Thumbs up from the markets – blogwspace.com

Thumbs up from the markets

BSE S&P, India’s benchmark equity market index, has risen by 4.1% between December 1 and December 6. December 1 was the first day of trading after exit polls were released on November 30, predicting a good show by the BJP in the state elections.

PREMIUM
The stock market index on a display screen at the Bombay Stock Exchange (BSE) building in Mumbai.(PTI)

Short-term movements in equity markets should be taken with a lot of caveats. Some of the recent traction in equity markets is also because of India’s GDP turning out to be better than expected (that data too, came out on November 30). But one would be missing the wood for the trees if one ignores the euphoria in the markets on the BJP’s victories in Rajasthan, Madhya Pradesh and Chhattisgarh and the tailwinds these wins have added to Narendra Modi’s re-election pitch for 2024. What should one make of this fact? Three factors can be listed.

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First, markets and big investors, more than anything else, want policy certainty. A rise in the probability of a government getting re-elected is music to their ears. The second is the promise of what could be. The election of Narendra Modi in 2014 was always seen as a promise for big-ticket economic reforms in India. While some of these, such as the Goods and Services Tax or bankruptcy code, have already happened, others, such as labour and agricultural reforms, remain a work in progress. The prospects of a BJP victory strengthen hopes of such reforms going through. The third, and perhaps the most important, is what the markets believe might happen in case the BJP does not get re-elected in 2024. More than anything else, this includes an unchecked pivot to fiscal commitments, such as the restoration of the old pension scheme, which cannot be honoured without sacrificing the fiscal prudence framework.

To be sure, the current government has shown it is capable of springing policy surprises such as demonetisation and will never put economic reforms over its political survival — but it has excelled in striking a balance between its business-friendly approach and its commitment to the poor. In India, whose economy is at the cusp of becoming the third largest in the world but where the government still has to support 800 million people to prevent hunger, this will increasingly become the most important balancing act in politics.

BSE S&P, India’s benchmark equity market index, has risen by 4.1% between December 1 and December 6. December 1 was the first day of trading after exit polls were released on November 30, predicting a good show by the BJP in the state elections.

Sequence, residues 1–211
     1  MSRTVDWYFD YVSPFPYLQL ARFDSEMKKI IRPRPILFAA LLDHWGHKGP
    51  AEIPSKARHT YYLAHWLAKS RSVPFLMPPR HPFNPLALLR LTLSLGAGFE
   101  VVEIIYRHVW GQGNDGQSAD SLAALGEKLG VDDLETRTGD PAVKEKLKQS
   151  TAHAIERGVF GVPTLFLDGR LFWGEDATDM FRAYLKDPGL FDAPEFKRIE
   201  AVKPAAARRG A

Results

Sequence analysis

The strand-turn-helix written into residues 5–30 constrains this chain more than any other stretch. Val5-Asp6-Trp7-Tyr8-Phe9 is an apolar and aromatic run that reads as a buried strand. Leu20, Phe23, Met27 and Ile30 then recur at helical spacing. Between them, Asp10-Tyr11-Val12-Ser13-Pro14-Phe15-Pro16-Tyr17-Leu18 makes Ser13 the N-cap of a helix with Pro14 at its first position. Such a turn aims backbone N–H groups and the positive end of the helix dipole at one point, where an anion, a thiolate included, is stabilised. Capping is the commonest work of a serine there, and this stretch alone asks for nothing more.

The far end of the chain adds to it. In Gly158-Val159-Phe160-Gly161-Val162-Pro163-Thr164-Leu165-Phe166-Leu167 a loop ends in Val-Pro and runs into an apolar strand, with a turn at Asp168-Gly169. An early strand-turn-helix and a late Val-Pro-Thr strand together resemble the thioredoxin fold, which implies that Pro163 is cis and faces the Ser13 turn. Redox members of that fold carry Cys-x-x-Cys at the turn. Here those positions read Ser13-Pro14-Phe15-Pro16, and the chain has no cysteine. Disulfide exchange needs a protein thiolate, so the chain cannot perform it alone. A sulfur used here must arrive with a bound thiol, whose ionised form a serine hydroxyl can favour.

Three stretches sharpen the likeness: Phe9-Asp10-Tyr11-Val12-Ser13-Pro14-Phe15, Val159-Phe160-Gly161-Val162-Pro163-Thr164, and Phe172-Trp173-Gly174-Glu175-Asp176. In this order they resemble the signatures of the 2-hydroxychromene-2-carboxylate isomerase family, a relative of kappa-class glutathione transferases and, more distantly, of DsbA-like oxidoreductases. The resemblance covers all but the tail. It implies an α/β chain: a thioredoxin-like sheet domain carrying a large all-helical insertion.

PREMIUM
The stock market index on a display screen at the Bombay Stock Exchange (BSE) building in Mumbai.(PTI)

Short-term movements in equity markets should be taken with a lot of caveats. Some of the recent traction in equity markets is also because of India’s GDP turning out to be better than expected (that data too, came out on November 30). But one would be missing the wood for the trees if one ignores the euphoria in the markets on the BJP’s victories in Rajasthan, Madhya Pradesh and Chhattisgarh and the tailwinds these wins have added to Narendra Modi’s re-election pitch for 2024. What should one make of this fact? Three factors can be listed.

Stay tuned with breaking news on HT Channel on Facebook. Join Now

First, markets and big investors, more than anything else, want policy certainty. A rise in the probability of a government getting re-elected is music to their ears. The second is the promise of what could be. The election of Narendra Modi in 2014 was always seen as a promise for big-ticket economic reforms in India. While some of these, such as the Goods and Services Tax or bankruptcy code, have already happened, others, such as labour and agricultural reforms, remain a work in progress. The prospects of a BJP victory strengthen hopes of such reforms going through. The third, and perhaps the most important, is what the markets believe might happen in case the BJP does not get re-elected in 2024. More than anything else, this includes an unchecked pivot to fiscal commitments, such as the restoration of the old pension scheme, which cannot be honoured without sacrificing the fiscal prudence framework.

To be sure, the current government has shown it is capable of springing policy surprises such as demonetisation and will never put economic reforms over its political survival — but it has excelled in striking a balance between its business-friendly approach and its commitment to the poor. In India, whose economy is at the cusp of becoming the third largest in the world but where the government still has to support 800 million people to prevent hunger, this will increasingly become the most important balancing act in politics.

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